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Seeking the Gold: Striving for Balance while Delivering Peak Performance in the Family Business

By Stephanie Brun de Pontet, Ph.D.

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In this season of the Olympic Games it is natural to admire the skill, dedication, and drive displayed by the athletes competing.  We often overlook the fact that these top performers must have access to prestigious coaching, the best equipment, and that they must devote hours to practice.  This requires a significant investment from an early age; and not just from the athletes. An Olympian needs the financial, physical, and emotional assistance of his or her family in the pursuit of the gold.  As a result, it is not just the athlete whose life becomes dominated by the sport.  The athlete’s family provides critical support to facilitate the Olympic dream. They share in the athlete’s journey. In much the same way, family support and commitment are often the vital ingredients in an entrepreneur’s successful business venture and requires the efforts of the entire family.

In North American culture we put athletes and business leaders on a pedestal and expect them to live up to extraordinary standards of heroism.  Although world-class athletes are trained to handle this pressure, the burden of delivering on their potential and everyone’s investment in them can be intense.  Family business leaders can feel the same pressure to live up to other’s expectations.  For example, a family business successor may feel pressure to make good on the investment of training they have been given, live up to the standard of performance set by their parent’s generation, while simultaneously carving out their own style and approach to leading the business.
 
Another parallel between family business leaders and elite athletes is the singleness of purpose that must be applied in order to achieve their successes.  Athletes must commit extensive time, resources, and emotional energy to the pursuit of their sport. As a result, they have few reserves to invest in anything else. This limits their identity to the role of being “the athlete.”  In much the same way, an entrepreneur must often focus so singularly on business that he or she neglects everything else, including the family for whom he or she is building the business.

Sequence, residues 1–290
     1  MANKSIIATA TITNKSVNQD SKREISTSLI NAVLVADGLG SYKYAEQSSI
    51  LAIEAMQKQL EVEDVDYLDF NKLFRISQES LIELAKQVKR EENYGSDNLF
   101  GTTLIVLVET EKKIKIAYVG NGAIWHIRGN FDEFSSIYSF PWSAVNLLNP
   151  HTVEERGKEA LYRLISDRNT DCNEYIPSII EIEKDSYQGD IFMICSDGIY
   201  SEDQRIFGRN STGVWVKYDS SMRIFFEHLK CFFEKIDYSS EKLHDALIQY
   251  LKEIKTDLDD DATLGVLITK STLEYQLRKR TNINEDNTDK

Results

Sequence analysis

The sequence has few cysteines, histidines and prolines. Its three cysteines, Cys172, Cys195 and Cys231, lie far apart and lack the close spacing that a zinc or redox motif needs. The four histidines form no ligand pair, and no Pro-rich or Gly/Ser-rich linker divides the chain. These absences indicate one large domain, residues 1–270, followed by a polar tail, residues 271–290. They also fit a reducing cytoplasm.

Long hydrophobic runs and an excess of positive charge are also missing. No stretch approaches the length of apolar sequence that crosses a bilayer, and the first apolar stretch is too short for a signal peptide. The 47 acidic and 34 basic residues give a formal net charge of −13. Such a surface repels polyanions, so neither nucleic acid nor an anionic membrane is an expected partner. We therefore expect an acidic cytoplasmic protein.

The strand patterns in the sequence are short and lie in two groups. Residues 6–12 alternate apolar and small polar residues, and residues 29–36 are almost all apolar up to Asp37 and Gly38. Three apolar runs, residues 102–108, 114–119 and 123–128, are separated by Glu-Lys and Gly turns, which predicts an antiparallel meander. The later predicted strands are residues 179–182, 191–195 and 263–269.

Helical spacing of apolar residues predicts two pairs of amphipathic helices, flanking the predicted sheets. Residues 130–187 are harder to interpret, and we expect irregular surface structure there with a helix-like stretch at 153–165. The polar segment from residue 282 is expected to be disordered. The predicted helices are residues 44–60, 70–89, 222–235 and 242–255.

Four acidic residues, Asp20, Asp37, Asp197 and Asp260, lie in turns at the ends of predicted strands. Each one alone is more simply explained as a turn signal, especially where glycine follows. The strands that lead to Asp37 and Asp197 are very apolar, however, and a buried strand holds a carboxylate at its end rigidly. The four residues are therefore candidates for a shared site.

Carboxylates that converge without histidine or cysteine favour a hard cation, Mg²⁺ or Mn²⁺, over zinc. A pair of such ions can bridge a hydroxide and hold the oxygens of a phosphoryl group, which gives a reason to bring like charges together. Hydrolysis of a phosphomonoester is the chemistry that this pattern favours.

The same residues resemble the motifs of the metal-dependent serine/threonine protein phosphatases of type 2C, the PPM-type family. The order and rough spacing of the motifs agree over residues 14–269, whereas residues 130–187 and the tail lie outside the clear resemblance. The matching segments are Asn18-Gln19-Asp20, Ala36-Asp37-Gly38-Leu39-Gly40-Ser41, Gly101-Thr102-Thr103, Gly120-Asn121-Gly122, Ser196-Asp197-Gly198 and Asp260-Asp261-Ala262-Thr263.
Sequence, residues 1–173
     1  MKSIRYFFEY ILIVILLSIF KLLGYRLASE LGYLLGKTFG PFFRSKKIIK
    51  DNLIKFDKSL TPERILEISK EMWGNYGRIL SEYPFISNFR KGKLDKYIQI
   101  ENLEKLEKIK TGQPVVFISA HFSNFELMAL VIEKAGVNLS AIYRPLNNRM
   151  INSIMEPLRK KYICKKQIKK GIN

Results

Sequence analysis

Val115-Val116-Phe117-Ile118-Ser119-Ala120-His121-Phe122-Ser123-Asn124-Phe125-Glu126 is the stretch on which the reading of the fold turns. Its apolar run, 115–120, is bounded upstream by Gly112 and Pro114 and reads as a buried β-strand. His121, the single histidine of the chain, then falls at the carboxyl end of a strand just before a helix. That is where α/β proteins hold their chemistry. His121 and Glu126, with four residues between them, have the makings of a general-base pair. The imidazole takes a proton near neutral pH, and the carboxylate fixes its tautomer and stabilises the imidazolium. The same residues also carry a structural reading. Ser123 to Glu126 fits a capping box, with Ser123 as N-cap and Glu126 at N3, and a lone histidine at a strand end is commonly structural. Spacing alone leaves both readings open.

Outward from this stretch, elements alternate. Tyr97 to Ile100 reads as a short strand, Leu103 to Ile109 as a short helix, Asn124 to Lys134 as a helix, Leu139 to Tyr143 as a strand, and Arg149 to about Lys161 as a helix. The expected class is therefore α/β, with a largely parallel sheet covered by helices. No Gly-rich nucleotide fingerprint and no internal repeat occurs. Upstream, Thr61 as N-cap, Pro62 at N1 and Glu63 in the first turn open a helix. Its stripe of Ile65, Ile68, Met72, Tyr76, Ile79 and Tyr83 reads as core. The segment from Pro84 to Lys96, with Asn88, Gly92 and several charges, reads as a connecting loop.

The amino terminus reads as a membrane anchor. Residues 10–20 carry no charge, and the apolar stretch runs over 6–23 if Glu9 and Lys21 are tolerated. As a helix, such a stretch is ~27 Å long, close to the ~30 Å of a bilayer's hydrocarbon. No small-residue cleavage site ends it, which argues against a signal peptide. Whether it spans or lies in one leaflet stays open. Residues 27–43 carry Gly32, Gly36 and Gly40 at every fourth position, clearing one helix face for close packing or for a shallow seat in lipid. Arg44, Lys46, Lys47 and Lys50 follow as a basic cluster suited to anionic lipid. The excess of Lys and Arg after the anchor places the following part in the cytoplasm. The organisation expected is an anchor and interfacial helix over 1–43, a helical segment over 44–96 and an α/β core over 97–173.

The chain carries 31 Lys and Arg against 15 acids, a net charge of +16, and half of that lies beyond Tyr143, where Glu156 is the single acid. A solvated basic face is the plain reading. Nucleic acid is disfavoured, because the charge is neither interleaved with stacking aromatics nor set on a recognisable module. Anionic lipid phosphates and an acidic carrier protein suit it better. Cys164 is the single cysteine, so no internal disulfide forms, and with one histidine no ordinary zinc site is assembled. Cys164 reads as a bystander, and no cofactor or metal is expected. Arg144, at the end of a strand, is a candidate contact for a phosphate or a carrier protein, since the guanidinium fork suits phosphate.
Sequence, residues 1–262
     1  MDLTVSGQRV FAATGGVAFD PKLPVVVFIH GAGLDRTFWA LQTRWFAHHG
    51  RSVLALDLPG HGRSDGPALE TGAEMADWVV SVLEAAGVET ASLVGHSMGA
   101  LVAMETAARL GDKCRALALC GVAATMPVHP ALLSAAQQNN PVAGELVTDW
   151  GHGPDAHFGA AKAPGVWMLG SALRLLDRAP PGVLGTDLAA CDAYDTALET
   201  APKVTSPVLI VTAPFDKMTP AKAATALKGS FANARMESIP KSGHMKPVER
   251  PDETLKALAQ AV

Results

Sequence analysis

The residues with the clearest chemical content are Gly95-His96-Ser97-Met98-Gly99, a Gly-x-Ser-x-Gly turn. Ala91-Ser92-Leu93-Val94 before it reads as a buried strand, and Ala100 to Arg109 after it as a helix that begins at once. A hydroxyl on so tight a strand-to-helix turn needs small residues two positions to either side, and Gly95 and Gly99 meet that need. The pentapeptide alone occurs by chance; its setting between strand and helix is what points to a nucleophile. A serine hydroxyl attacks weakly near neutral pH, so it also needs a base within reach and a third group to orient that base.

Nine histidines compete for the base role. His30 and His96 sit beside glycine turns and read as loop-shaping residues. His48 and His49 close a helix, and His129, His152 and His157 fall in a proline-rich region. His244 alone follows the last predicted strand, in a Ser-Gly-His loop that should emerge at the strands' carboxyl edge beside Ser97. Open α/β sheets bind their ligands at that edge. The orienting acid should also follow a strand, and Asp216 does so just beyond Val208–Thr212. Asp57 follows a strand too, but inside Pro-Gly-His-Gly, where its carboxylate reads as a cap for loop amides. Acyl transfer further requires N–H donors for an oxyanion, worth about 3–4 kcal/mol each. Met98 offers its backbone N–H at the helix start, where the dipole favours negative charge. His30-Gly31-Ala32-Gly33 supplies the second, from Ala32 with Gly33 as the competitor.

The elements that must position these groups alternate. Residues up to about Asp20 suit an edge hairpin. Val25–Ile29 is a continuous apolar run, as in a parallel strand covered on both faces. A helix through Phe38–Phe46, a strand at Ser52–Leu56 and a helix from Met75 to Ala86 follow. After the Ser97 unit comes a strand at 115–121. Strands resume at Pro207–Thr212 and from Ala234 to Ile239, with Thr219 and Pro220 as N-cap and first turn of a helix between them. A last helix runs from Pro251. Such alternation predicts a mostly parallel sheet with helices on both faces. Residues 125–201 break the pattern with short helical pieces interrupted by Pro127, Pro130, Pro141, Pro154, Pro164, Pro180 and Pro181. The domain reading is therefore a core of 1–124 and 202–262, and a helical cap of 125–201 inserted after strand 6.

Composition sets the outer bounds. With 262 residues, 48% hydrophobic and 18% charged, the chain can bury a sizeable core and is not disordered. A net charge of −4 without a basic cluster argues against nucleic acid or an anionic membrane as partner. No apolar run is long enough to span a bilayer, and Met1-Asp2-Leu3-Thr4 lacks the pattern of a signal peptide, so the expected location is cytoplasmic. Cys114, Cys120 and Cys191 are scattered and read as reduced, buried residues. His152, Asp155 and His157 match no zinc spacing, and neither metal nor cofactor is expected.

The total domination of time, effort, and resources to a sport or business requires that other interests, activities, and friends be set aside in order for these elite performers to realize their optimal success.  This is what it takes to achieve peak performance in many domains. But it can also lead to an identity problem when it comes to transitioning out of the role of star athlete or business leader.  Athletes and business founders often struggle with retirement because they have been cast into one professional role. If not the “athlete” or the “business leader,” neither they, nor those around them, know who they might be.
 
Retirement from a valued career represents a meaningful life transition that can be challenging for most people, but it is even more difficult for those whose identity is tied totally to what they do.  Sports psychologists report that athletes whose identity is exclusively tied to their athletic role struggle more with retirement than those who maintained a greater balance in their lives while they were training and competing.  The same is true for family business leaders. Those whose identity has been entirely consumed by their role in the family business find retirement harder than those who developed outside interests over the years.
 
Considering the parallels between elite athletes and business leaders should remind us of the challenges that entrepreneurs face in investing time and effort in pursuits and commitments outside the business. But it should also underscore how important striving for balance is in a family business.  Not only will having an identity separate and apart from the business ease the eventual transition to retirement, it may even provide a competitive advantage while the leader is still in charge of the company. Having a more balanced sense of self may also serve to buffer the pressure inherent in intense competition. This will enable the athlete and the business leader to deliver peak performance when it counts; and that is the most important thing to anyone striving for the gold.
 

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